• Going Vertical – The trend to become more industry-specific continues to grow. If you’re in healthcare, you buy software made for that sector – whether it consists of a single suite of modules or (more likely) the addition of 3rd party enhancements to a base package.  The same is true of manufacturing.  There’s no need to write a bill of materials or a configurator when you can purchase such functionality off the shelf.
  • Buyer Education and Preparation – Buyers have come to understand that implementing ERP successfully is not easy. As a result, they’re more educated about their solutions.  Senior executives have learned that simply turning over responsibility to mid-level employees just doesn’t work.  There is a growing realization that clients must take ownership of their own systems, and not just rely on their consultants to make them run.  Likewise, areas including business process (and workflow) analysis and organizational change management are starting to be given the respect they deserve.  This will lead to better implementations overall.  (To which we and other implementers say: It can’t happen too soon.)

Other trends cited included increase mobility… the impact of the Internet of Things… and the larger tier vendors – who by now have sold all the systems they possibly can to large companies – continue their efforts to try to woo the small to midsize business customer.

You can register to download a copy of CBP’s “Top 8 Trends for ERP in 2015” here.

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Panorama_9_TrendsIn our preceding post we listed 5 of the 9 trends that Panorama Consulting in a recent white paper described as likely developments in the ongoing development of ERP systems and the needs of the customers who buy them.  Their full report can be downloaded here.

In today’s concluding post we’ll look at their last four predicted trends…

6. ERP vendors will offer flexible deployment options. This basically means the ability to choose among methods by which to deploy and use your system.  We’ll increasingly see opportunities to choose from – or switch from – cloud and/or on-premise systems.  The fast-start, agile and low-cost-of-entry cloud solutions can get a company up and running quickly.  On the other hand, on-premise systems are typically more robust, much more customizable and, particularly for manufacturers – a more complete solution.  Clients will want both options, as well as scalability and timing options (like for adding users).  Vendors will need to deliver multiple options.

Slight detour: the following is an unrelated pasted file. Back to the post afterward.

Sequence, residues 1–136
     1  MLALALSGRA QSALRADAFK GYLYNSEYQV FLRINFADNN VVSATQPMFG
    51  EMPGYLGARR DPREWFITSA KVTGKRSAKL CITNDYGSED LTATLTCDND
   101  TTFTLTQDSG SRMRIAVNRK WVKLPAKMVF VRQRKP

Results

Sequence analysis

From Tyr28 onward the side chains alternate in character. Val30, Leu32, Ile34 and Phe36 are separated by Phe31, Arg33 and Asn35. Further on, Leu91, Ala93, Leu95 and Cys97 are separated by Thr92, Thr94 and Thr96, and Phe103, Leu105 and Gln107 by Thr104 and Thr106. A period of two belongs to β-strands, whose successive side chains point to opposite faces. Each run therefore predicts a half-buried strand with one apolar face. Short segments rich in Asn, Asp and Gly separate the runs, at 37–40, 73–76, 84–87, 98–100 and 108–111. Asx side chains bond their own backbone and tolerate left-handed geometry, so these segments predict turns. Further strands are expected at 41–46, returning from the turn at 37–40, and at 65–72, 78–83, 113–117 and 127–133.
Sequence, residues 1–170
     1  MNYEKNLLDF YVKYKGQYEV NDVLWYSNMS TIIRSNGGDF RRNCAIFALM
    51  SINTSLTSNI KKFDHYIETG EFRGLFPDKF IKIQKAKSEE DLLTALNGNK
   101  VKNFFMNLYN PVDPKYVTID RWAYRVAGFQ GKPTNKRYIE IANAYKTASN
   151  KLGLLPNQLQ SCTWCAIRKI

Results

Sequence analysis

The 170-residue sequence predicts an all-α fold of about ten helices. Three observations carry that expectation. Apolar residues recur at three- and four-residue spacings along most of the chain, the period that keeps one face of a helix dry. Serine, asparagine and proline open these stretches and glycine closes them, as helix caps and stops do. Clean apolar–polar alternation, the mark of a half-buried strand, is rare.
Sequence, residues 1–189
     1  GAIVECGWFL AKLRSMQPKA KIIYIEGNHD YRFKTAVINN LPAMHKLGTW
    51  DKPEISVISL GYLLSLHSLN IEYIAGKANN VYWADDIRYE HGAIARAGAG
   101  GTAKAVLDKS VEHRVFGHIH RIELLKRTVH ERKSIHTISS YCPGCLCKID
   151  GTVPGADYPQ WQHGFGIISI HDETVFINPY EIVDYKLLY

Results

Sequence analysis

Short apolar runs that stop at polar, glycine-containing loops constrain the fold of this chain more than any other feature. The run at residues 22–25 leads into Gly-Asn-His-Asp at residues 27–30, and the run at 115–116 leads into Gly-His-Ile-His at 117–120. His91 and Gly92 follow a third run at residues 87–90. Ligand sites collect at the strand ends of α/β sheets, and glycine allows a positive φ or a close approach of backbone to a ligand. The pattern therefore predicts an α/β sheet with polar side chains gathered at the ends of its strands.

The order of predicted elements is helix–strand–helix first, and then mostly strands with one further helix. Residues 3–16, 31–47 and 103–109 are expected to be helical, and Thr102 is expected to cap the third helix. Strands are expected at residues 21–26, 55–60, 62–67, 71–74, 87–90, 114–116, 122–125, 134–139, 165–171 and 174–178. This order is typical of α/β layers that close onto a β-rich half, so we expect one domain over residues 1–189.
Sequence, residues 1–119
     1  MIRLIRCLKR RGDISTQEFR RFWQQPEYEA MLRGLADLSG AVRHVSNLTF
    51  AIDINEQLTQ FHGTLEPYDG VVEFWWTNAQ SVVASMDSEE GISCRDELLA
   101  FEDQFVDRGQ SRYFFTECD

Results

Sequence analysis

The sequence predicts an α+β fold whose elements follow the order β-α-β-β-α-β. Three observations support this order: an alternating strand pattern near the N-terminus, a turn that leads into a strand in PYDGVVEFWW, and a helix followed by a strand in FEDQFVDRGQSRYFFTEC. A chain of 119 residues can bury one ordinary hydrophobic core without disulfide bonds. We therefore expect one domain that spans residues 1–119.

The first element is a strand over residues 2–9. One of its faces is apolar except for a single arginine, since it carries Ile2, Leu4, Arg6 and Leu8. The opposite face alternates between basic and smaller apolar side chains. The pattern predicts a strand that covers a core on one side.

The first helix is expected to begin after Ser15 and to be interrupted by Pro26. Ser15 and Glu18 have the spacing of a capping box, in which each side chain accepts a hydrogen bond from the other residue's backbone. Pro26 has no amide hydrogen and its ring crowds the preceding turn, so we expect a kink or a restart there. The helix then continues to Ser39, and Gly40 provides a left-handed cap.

7. Best-of-breed and two-tier solutions will regain popularity. Single ERP systems aren’t always the best solution for all firms.  Sometimes, two-tiered, or best-of-breed, or even more than one solution is the right solution.  As integration among systems becomes easier and more common, it makes sense to use specialized systems to run, say, the warehouse, and then integrate that back to the ERP accounting system, even when they’re not from the same vendor.  It’s about finding the right fit for your  Vendors who can provide such one-stop-shopping solutions will best serve their clients’ best interests.

8. Experienced, independent ERP consultants will be in high demand. Vendors with no direct software affiliation will gain favor.  It’s worth noting that Panorama itself is one of these firms, and thus might be guilty of a little bias here.  Then again, our own firm – which provides a variety of solutions from multiple ERP vendors – can be guilty of our own, similar bias.  Either way, the point is: a vendor offering a solution from just one software vendor is more likely to be like the “hammer” that views everything in the world as a nail.  Whether the consultant is truly vendor-independent, or multi-dependent, clients will be able to take advantage of these consultants’ expertise from their independent or “multi-lingual” viewpoints.

9. Implementations will be all about business. Forget features/benefits.  Forget “technology.” (Remember when the most important thing about an ERP system was that it ran under Windows?)  The real issue is (and in our views always has been) about the business.  Business processes… workflows… strategy… competitive advantages… turning data into information and turning information into the ability to make well thought out business decisions – these are the things that truly matter.  Or should.  As Panorama points out, “the real winners will be the ones that force their ERP implementations to fit in the context of their overall business vision and goals.”  Focus on business process reengineering, organizational change management and benefits realization – that’s where the real, biggest and longest-term ROI will always be found.